Trumark Homes, the two-year-old builder based in Irvine, Calif., has ambitious expansion plans as it moves ahead on several projects in its home state.
The company, which closed 24 homes in 2010, has 1,800 lots under its control, according to Mike Maples, a principal. It recently sold 89 lots in South San Jose, Calif., that it developed under a joint-venture agreement with Brookfield Homes, which plans to construct and sell single-family detached homes on those lots.
Trumark, a homebuilding subsidiary of the developer Trumark Companies, also has a 96-unit townhouse project underway in what’s known as the Berryessa area of San Jose, construction at which is scheduled to begin in the second quarter of 2012. A 600-unit project in Santa Clara is on land that Trumark has purchased from Extreme Networks, which provides Ethernet and Carrier Class networks. The builder will take down that land in two phases: the first phase’s construction of 154 single-family and townhouse units should get going in 2013; the second phase, which Maples says will be for higher-density neighborhoods, will start depending on how market conditions shape up.
News about these projects was first reported in the San Jose Business Journal on Friday.
Maples tells BUILDER that the projects at South San Jose, Santa Clara, as well as a 300-unit mixed-use project under planning review in Sunnyvale, Calif., involve tearing down offices to make way for new homes. The Journal reports, for example, that Trumark paid $23 million for the land in South San Jose, whose redevelopment requires removing a 123,000-square-foot office building and another 55,000-square-foot structure. “The office market in northern California right now is so depressed, but we see the window of opportunity being short” for redevelopment deals, he says.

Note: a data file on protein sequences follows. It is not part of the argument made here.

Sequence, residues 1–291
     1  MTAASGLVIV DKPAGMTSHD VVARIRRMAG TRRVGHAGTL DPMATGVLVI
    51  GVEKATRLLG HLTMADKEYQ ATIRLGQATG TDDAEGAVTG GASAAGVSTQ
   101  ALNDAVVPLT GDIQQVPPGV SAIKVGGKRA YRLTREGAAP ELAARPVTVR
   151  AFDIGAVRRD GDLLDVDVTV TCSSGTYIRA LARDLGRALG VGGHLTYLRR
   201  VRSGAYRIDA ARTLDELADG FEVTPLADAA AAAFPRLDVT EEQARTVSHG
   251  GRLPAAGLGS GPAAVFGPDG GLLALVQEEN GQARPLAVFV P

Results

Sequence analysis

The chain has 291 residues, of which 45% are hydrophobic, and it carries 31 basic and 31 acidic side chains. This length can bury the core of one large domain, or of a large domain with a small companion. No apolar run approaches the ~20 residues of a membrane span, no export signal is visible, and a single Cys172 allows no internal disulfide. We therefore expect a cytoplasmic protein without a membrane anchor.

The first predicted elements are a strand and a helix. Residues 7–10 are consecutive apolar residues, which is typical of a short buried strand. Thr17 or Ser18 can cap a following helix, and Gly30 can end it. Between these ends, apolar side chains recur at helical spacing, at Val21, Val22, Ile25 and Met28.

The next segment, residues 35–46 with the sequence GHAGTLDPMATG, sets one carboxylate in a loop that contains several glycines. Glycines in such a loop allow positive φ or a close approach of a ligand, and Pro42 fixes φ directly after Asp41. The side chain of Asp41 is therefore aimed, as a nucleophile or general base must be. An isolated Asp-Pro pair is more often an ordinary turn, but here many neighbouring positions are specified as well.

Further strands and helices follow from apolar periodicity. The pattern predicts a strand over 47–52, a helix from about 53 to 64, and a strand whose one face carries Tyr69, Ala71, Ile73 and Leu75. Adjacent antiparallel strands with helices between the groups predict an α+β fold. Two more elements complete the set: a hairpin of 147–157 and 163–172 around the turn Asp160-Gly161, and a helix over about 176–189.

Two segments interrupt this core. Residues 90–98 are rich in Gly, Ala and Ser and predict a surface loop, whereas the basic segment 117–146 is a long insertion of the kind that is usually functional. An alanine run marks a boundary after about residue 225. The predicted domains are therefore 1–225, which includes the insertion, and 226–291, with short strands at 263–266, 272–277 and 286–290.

This year, Trumark projects that it will close around 80 homes, and Maples acknowledges that because of still-modest buyer demand in some areas, his company pushed back some of its home starts until 2012. Since launching the company in 2009, Trumark has stuck with its business strategy of infilling markets in California whose new-home supply is sparse or where there’s a lot of older home inventory. The one thing that’s changed, says Maples, is that “the land market has opened up” in northern California. The company was “significantly profitable” in 2010 partly because of land sales, and it intends to sell off 125 more finished lots this year.
He’s optimistic about business conditions in general, especially in the Silicon Valley “where the job market has shown signs of life.” And for houses priced under the conforming loan limit “the market doesn’t look bad.” Trumark's homes sell for between $500,000 and $1 million.
John Caulfield is senior editor with BUILDER magazine.